As background, I am a non-believer in American Exceptionalism. I believe the United States Government is like any other government at any time in history--not better and not really worse. The United States as an entity has certain interests and priorities. All senior government officials get special training in ongoing government strategy in foreign affairs both officially in institutions like The Army War College and unofficially in seminars, war-gaming exercises, and so on. Strategy and tactics are well developed and proceed from administration to administration which is one reason why there is never any change in foreign affairs other than a gradual drift. Contrary to what people think the Bush regime did not radically alter U.S. foreign policy in just seized the moment and instituted plans already in the pipeline that has been thought about and studied for some years. From time to time there are some changes in policy as can be seen post 2006 with the rise to power of William Gates who believed that the prior regime had been stupid, crude and full of factional infighting. Bush brought in Gates to settle things down and bring a more unified foreign policy (military policy and foreign policy is now the same thing and the DOD is the point organization for FP).
Among the things everybody knows are that Afghan national army troops report taking over Taliban bases to find identical rations and weapons to their own US-supplied equipment. The US funds the madrasas both in Afghanistan and in Pakistan, which produce the young Talibs. US army helicopters regularly deliver supplies behind Taliban lines. The aid organisations are nothing more than intelligence-collecting agencies, going into regions the army cannot easily reach to obtain facts on the ground. Even the humblest midwife-training project is a spying outfit.
Whether any of this is true or not (I don't think for a moment it is that simple) such thinking by people who interact with the (largely) Anglo/American enterprise in Afghanistan is a serious issue. It matters what intelligent and educated Afghans think--wouldn't you say?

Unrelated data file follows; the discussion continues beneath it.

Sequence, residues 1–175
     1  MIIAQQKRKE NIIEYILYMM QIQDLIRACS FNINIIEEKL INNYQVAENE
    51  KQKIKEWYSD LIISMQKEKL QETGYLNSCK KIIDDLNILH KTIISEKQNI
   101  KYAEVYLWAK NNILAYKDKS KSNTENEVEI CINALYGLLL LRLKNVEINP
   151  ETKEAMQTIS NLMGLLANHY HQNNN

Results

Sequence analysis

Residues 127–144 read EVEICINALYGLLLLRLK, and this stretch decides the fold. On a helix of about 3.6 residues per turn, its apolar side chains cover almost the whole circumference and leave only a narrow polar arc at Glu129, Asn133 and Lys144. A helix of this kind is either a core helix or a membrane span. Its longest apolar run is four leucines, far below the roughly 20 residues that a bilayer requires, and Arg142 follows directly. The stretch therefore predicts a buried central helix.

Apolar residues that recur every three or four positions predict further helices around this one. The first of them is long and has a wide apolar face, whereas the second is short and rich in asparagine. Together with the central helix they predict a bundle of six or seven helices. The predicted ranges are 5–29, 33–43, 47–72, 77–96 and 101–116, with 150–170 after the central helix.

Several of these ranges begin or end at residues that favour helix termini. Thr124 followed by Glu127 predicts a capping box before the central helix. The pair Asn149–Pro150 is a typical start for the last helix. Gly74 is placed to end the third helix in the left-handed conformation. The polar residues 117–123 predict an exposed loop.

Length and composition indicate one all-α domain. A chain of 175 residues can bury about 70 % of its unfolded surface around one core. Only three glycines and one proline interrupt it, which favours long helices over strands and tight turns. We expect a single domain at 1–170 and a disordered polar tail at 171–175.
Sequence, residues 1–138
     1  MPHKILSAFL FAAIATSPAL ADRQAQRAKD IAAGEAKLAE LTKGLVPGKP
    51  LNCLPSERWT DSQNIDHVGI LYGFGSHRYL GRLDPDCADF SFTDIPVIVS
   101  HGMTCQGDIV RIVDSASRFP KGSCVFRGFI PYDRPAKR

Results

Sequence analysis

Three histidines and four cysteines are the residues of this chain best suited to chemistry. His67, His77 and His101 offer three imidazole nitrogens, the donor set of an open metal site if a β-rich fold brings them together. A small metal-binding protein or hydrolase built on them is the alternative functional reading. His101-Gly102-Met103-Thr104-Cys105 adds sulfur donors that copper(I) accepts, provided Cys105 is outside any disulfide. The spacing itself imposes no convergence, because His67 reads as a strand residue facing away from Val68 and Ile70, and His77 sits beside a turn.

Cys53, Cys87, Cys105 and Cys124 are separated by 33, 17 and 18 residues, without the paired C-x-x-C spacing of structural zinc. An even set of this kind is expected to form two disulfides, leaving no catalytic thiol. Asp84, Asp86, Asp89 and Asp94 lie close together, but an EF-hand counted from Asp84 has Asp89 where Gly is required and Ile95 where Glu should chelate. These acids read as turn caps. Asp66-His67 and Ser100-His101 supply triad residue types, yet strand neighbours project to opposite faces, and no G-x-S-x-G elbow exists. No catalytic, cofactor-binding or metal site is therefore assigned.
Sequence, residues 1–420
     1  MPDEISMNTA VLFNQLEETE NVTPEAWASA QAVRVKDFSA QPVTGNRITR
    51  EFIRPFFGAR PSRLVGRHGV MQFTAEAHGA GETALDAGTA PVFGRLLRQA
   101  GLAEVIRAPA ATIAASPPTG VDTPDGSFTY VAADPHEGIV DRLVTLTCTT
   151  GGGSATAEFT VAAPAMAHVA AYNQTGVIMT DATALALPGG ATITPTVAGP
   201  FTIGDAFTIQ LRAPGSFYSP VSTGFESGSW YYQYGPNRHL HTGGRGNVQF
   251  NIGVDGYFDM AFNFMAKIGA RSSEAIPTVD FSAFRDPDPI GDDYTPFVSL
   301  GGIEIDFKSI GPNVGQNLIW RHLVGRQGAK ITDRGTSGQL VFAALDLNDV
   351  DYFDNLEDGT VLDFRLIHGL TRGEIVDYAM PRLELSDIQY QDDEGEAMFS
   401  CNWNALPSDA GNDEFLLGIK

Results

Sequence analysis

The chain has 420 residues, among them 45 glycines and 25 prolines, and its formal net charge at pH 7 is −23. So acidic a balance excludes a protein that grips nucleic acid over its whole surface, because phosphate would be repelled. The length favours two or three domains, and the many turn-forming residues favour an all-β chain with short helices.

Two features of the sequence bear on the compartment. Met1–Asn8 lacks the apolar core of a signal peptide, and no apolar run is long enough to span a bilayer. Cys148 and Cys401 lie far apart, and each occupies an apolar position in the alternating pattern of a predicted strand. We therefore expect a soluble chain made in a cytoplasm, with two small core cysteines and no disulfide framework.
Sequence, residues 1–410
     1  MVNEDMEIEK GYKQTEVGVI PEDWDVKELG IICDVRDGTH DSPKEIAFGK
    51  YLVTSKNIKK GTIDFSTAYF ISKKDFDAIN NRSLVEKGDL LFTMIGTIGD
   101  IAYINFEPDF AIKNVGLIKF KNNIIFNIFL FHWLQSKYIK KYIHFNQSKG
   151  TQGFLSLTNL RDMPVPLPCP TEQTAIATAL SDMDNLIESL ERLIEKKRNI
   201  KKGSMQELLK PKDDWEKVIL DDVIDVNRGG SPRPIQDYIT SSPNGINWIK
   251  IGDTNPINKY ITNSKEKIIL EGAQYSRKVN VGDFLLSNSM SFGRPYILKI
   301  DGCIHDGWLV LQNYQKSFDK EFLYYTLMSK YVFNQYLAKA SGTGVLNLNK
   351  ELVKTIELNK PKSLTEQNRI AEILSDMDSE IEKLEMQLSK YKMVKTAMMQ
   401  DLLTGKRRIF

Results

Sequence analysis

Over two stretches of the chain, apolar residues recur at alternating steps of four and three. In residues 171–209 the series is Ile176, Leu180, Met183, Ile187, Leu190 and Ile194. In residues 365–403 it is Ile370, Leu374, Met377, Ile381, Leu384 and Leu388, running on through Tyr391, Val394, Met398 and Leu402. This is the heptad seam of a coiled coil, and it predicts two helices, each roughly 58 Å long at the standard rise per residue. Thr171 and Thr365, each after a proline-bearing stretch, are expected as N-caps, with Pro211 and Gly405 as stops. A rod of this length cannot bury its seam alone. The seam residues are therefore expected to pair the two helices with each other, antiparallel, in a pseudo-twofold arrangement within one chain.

This also begs the question as to what the non-educated tribal people believe about U.S. interests in that country.
At any rate let me give you my own view of what they might be thinking. Could it be that the United States wants to continue the war and maintain tensions there? If so why? If we look at a map we see how close it is to very important parts of the world. It borders Iran, Pakistan, China and some Central Asian Republics and it is within a few hundered miles of India. It is relatively sparsely populated and divided into tribal areas that can be easily influenced by outsiders. It is also the world center of opium production, it's chief export which causes strange bedfellows to say the least.
As background we have to remember that the U.S. has been closely involved with Pakistani intelligence and military since the 1950's and that the Taliban are a product of Pakistan's ISI and Saudi intelligence working together. It was the Saudis as most will remember that funded the Madrassas inside Pakistan and the Pakistani military that controlled the country for most of its life and chose not to fund public education.
What has the U.S. done to actually help Afghanistan? It has installed, by all accounts, a corrupt regime deeply embedded in the drug trade and weak allowing for regional war-lords, including the Taliban, to rule areas under their control. Very little political progress has been made. You have highly publicised offensives followed by government-in-a-box (a very strange notion indeed) potemkin village that dissolves as soon as the cameras go away. Everything I've read or know about that war is deeply paradoxical. There are bursts of military activity then everyone talks about civil society and then more military strikes then talks of negotiations and we forget that this war has gone on for nearly nine years. Nine years!
What's the advantage? Who profits? Well obviously the MIC does very well as do private security firms and the growing population of defense and intel consulting companies in my hometown (inside the beltway). But strategically it keeps the U.S. engaged and working on new weapons and techniques that can be used anywhere in the world particularly as has been publicised recently in the MSM, covert operations which I would guess are modeled on the Phoenix Program in Vietnam. At any rate keeping the U.S. bogged down, so to speak is a good idea if you want military bases in the region and no central government to harass you so that the field is open for any and all military actions and instillations.
Is this a worthwhile war to pursue? Is it really a war at all? I welcome thoughts on this.